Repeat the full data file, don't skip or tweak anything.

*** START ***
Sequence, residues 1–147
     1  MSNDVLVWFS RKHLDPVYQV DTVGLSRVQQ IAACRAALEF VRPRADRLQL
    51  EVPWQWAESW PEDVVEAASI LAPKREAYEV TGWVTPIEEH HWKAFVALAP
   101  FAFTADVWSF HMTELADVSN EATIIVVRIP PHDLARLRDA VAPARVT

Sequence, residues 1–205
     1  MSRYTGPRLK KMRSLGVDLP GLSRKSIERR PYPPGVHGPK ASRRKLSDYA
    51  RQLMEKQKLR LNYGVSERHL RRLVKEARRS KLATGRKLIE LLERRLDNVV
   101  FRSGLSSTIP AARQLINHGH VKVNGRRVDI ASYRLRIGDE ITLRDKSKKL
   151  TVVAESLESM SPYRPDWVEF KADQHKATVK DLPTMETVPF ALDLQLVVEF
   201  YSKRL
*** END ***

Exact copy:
Sequence, residues 1–147
     1  MSNDVLVWFS RKHLDPVYQV DTVGLSRVQQ IAACRAALEF VRPRADRLQL
    51  EVPWQWAESW PEDVVEAASI LAPKREAYEV TGWVTPIEEH HWKAFVALAP
   101  FAFTADVWSF HMTELADVSN EATIIVVRIP PHDLARLRDA VAPARVT

Sequence, residues 1–205
     1  MSRYTGPRLK KMRSLGVDLP GLSRKSIERR PYPPGVHGPK ASRRKLSDYA
    51  RQLMEKQKLR LNYGVSERHL RRLVKEARRS KLATGRKLIE LLERRLDNVV
   101  FRSGLSSTIP AARQLINHGH VKVNGRRVDI ASYRLRIGDE ITLRDKSKKL
   151  TVVAESLESM SPYRPDWVEF KADQHKATVK DLPTMETVPF ALDLQLVVEF
   201  YSKRL